Telescope topology

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Topology studies shapes without worrying about finer like the values of lengths, angles, or areas. This does make things rather slippery, but maths can help: topology delivers some beautiful examples of how mathematical language can not only make intuition precise, but also expand our intuitive horizon.

With this collection of articles we explore the field using an exciting breakthrough as an illustration: the so-called telescope conjecture which has recently been disproved by Robert Burklund, Jeremy Hahn, Ishan Levy, and Tomer Schlank. The breakthrough was announced at a conference held at the Isaac Newton Institute for Mathematical Sciences called Homotopy: Fruit of the fertile furrow.

The articles below give you a gist of the telescope conjecture, as well as explanations of some important concepts in topology.

Spheres within spheres: A journey through many dimensions — Find out why holes are important in topology, and how spheres can help you define higher-dimensional holes!

Spheres within spheres: Simplicity and failure — This article continues our exploration of the telescope conjecture, and what its being disproved means for the area.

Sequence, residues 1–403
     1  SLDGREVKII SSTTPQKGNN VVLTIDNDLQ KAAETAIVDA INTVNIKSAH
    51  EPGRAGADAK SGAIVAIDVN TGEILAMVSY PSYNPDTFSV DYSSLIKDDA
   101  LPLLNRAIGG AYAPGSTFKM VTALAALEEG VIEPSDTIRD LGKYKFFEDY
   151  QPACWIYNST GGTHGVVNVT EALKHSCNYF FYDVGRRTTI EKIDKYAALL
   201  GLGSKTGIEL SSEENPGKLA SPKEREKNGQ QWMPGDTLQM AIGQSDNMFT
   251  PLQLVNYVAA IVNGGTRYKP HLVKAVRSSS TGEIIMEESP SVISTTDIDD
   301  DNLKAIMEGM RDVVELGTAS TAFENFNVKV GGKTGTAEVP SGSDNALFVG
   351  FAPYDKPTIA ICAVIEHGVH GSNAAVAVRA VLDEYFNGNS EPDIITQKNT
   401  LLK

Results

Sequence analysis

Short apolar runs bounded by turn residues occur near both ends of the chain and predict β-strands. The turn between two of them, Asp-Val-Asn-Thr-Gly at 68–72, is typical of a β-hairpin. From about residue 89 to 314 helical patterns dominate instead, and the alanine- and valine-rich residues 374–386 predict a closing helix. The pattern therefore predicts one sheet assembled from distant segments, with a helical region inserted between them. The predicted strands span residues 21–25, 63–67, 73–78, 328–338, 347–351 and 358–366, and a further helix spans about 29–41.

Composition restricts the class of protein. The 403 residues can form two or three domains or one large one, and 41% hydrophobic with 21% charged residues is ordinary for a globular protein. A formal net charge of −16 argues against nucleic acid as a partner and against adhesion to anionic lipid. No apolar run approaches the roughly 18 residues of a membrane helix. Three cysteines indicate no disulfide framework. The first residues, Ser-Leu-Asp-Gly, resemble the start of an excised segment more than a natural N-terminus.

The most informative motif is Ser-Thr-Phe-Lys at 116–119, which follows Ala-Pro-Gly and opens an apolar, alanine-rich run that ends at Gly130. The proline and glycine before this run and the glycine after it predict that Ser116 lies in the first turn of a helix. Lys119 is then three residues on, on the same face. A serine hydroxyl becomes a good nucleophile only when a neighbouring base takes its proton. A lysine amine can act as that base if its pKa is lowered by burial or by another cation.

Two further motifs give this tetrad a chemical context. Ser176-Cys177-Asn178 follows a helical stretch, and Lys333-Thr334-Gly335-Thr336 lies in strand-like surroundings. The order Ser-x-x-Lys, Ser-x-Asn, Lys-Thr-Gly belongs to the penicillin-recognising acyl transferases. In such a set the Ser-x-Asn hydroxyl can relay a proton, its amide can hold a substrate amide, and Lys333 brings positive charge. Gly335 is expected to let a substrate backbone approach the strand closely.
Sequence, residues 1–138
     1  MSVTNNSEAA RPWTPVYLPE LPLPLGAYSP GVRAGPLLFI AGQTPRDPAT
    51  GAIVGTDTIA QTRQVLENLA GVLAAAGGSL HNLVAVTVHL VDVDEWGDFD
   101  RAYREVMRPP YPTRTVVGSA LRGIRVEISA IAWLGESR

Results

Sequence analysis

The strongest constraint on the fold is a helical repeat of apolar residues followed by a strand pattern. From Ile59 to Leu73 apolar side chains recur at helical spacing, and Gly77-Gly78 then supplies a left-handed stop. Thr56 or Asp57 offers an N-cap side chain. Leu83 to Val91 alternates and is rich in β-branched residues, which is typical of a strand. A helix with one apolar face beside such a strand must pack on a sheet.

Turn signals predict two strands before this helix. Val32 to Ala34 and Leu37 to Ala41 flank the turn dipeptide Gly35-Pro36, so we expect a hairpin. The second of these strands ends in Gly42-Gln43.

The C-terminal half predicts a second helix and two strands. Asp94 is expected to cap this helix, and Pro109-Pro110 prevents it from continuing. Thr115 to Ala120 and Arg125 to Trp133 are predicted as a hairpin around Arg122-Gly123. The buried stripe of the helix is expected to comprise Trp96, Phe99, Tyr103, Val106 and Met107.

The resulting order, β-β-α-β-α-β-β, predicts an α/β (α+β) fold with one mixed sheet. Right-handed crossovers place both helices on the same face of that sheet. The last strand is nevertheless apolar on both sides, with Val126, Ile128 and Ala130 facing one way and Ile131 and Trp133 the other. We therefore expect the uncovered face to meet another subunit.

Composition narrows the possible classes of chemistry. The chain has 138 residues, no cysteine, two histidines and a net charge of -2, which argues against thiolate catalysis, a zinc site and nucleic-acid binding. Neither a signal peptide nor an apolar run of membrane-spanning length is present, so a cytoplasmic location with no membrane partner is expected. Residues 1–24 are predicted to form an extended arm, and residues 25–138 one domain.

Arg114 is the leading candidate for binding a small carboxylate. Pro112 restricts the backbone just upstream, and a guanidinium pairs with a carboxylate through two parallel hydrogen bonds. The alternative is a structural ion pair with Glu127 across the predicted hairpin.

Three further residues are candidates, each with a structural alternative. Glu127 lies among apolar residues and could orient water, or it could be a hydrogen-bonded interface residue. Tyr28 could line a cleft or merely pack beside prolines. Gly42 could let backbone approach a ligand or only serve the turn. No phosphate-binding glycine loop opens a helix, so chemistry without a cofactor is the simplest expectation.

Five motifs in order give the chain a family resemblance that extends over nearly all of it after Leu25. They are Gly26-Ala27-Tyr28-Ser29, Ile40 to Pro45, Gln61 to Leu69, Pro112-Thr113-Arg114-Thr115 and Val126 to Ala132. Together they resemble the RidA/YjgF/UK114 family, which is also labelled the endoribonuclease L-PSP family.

Maths in a minute: Topology — A brief explainer of what topology is all about.

Maths in a minute: Homotopy — The concept of homotopy is central to the telescope conjecture. And it's a beautiful example of how mathematics can make intuition precise.

Maths in a minute: The fundamental group — The fundamental group explores the nature of a shape in terms of the loops you can draw on it.

Maths in a minute: Higher dimensions — They might smack of sci-fi, but higher dimensions are nothing out of the ordinary in maths, and they're not actually that hard to define.

Maths in three minutes: Groups — Groups are collections of objects that exhibit a neat, self-contained internal structure. They crop up all over maths, including in topology. Here's a brief introduction.

This content forms part of our collaboration with the Isaac Newton Institute for Mathematical Sciences (INI) – you can find all the content from the collaboration here.

The INI is an international research centre and our neighbour here on the University of Cambridge's maths campus. It attracts leading mathematical scientists from all over the world, and is open to all. Visit www.newton.ac.uk to find out more.

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